Monday, May 10, 2010

Lucky dog

A quick update, Brett and I decided to have our dog Lucky shipped over last month from Tonga! It was a long and complicated process, but she made it here and is adjusting to American life - leashes, dog food, toys, being indoors at night, colder weather, lots of attention from people, etc. and she's loving it. Thanks to all our friends still in Tonga that helped us with getting Lucky here! She is still skittish around new people here after being in Tonga, but is getting used to it here. And we bought a house since being back, so we will soon have a yard and more space for our pets. It is still a process adjusting to life back in America, but we are both working and still enjoying all the good food, friends and family, activities here, and hot showers. I still have dreams often of being back on the beach in Tonga or swimming in the reefs. And I have been working more on the Tonga travel guidebook, with two contributing writers that were also peace corps volunteers with us. The web address for the book and publishing company is

Ofa Atu!

Monday, March 22, 2010

Writing a Travel Guidebook

Hello everyone, I wasn't going to keep updating this blog, but I've got some news relating to Tonga. I will be writing a travel guidebook on Tonga! There is a new publishing company that is putting out travel guidebooks written by Peace Corps volunteers since they have lived in the countries they will write about and have extensive knowledge on culture, things to see/do, places to stay, restaurants, etc. So I'm very excited about this project and to be able to share my knowledge of Tonga. It will help that I also worked with the tourism bureau there, and I'll be getting help with research from people still in Tonga, although I have a lot of information already.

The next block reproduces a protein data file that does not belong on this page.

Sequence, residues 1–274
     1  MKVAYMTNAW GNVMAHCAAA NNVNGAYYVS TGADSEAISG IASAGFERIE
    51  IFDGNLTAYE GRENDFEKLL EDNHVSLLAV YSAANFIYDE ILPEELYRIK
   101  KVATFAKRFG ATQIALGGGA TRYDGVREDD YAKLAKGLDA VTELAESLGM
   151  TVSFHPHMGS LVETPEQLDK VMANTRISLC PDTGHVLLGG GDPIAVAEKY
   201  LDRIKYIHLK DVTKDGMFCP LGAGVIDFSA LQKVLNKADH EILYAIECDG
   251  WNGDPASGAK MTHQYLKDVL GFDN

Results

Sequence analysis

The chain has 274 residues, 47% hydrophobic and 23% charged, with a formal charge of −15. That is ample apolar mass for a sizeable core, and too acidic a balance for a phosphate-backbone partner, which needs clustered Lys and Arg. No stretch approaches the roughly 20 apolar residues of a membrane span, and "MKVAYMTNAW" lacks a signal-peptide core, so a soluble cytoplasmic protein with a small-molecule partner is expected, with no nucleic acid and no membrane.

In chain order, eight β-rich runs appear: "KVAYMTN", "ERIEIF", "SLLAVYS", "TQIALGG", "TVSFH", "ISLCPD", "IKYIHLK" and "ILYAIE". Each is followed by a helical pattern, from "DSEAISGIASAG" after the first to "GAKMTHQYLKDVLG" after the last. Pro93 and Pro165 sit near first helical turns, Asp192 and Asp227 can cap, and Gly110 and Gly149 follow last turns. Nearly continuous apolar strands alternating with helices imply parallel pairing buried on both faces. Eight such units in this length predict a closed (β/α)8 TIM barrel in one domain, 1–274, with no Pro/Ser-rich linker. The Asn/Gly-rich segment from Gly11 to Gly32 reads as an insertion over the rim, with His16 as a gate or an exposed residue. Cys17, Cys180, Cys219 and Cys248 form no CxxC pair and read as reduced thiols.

The book will tentatively be done by October of this year. I'll post more information and a link to the publisher's website soon, so watch for that or let me know if you have any comments/questions.

Tuesday, February 16, 2010

Cyclone rene update

Just a quick update, we've talked with friends from our island group of Ha'apai and it seems they were very lucky and there is minimal damage to trees and buildings and no injuries or deaths as of yet. Amazingly they already have power back, we were able to skype with some friends tonight, and they're just waiting for water to be turned back on. Some of the bigger trees were knocked over, and a few tin roofs blown away. Altogether I think our peace corps friends waited out the storm in a small house for three nights or so. So we're thankful that everyone is safe and there was minimal damage. Now we know what it's like to be on this side of the world waiting out the storm to see what happens. We're still adjusting to life here, missing Tonga but thankful to be here with family and friends and figuring out job possibilities (Brett has started substitute teaching and I'm doing some freelance advertising work from home). So that's all, check our other PC Tonga friends' blogs for updates.

Monday, February 15, 2010

Cyclone Rene